When India joined the post-colonial comity of free nations as a Sovereign Democratic Republic (the ?Socialist? and ?Secular? tags came much later through the 42nd Constitution Amendment Act during the dark days of Mrs Indira Gandhi'sEmergency), it was a declaration of sovereignty and assertion of faith in democracy. But it did not forge an Indian identity because this already existed, unlike, for instance, in Italy which had to create the Italian identity after forging the Italian nation in the 19th century. Our declaration of sovereignty merely redefined the geographical and political contours of the new nation-state which were vastly different from the cultural and civilisational frontiers of ancient India. The Taliban may have taken pleasure in destroying the Bamyan Buddhas, but that perversity did not help them obliterate the fact that Kandahar was once the cultural outpost of India. Nor can the Islamists of Malaysia and Indonesia stamp out the remnants of Indian culture. Or, for that matter, just because the Indus now flows through Pakistan does not wipe out its past as a witness to the birth of Indian civilisation. What we have today as our sovereign nation is what the British Empire in decline willed us to have; our feckless leaders acquiesced in the redefinition of the ?Indian sub-continent? as ?South Asia?.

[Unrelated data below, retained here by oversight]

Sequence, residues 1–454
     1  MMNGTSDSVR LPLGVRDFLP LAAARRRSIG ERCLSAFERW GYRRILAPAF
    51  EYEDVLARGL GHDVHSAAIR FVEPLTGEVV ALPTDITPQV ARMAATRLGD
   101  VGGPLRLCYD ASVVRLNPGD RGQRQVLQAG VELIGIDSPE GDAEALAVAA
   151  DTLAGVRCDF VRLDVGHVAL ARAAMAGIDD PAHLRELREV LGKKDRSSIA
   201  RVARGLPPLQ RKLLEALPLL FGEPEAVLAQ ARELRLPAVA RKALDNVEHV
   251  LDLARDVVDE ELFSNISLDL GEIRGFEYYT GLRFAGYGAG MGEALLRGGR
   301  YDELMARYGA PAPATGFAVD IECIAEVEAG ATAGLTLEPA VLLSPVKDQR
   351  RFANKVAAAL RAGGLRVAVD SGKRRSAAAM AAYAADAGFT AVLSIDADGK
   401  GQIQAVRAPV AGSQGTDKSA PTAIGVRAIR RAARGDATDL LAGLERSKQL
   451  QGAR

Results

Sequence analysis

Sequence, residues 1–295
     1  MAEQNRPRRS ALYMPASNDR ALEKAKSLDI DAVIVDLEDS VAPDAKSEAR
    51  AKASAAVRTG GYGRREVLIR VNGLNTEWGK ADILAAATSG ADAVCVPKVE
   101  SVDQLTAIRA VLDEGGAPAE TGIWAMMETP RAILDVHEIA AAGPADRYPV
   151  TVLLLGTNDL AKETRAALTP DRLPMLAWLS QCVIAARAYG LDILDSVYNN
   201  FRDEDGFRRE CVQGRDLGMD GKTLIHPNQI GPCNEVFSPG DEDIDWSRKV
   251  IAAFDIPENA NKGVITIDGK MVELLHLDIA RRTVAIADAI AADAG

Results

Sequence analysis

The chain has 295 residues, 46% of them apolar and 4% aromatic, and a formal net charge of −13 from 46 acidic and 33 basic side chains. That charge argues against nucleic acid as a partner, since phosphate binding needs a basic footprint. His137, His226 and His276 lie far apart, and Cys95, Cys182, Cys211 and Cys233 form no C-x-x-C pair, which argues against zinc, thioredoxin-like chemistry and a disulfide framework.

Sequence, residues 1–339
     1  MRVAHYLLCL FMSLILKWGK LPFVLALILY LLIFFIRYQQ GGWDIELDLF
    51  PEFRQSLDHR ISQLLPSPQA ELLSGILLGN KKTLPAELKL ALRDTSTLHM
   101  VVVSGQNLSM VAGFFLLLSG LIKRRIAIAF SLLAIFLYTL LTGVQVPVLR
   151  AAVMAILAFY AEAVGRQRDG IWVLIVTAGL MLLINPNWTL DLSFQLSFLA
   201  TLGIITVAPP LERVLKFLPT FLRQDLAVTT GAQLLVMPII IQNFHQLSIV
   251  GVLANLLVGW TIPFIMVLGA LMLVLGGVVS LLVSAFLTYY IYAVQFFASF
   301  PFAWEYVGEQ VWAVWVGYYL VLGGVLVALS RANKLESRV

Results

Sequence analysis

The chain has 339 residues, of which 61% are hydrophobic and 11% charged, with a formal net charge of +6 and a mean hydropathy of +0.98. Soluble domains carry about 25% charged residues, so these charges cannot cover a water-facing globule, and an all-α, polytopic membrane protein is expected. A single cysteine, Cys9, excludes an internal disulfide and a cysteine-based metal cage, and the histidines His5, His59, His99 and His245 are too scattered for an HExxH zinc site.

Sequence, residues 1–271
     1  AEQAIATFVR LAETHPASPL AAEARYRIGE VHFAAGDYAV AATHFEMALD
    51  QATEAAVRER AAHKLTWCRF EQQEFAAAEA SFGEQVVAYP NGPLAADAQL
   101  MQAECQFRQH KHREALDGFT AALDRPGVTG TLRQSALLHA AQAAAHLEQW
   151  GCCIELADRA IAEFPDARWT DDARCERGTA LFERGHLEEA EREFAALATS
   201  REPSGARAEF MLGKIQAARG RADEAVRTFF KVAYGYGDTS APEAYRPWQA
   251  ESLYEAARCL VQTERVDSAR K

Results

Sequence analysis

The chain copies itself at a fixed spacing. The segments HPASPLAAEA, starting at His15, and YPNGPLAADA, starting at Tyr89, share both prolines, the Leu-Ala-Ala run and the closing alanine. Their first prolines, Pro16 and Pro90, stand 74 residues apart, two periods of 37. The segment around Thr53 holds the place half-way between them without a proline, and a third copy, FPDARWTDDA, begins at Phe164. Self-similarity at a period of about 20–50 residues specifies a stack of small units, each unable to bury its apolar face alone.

There is, of course, no percentage in yearning for that which we have lost, namely the sprawling Indian nation as it once existed: A large number of kingdoms, principalities and states held together by the ?silken bond? of Indian culture and the unifying force of Indian civilisation. ?Akhand Bharat? is a dream destined to remain unfulfilled, although its inspirational value can never be minimised or diminished. There is, however, a need to inculcate, to revive and revitalise, to reclaim and renew, the sense of nation and nationhood, especially among the increasingly deracinated youth who aspire to become ?global citizens? as it affords them an opportunity to escape the grim realities of today'sIndia. We need to convince our people that excellence and salvation lies in restoring the greatness of this once great nation, and not in securing an H1B visa to reside in another ?great nation? fallen upon hard times.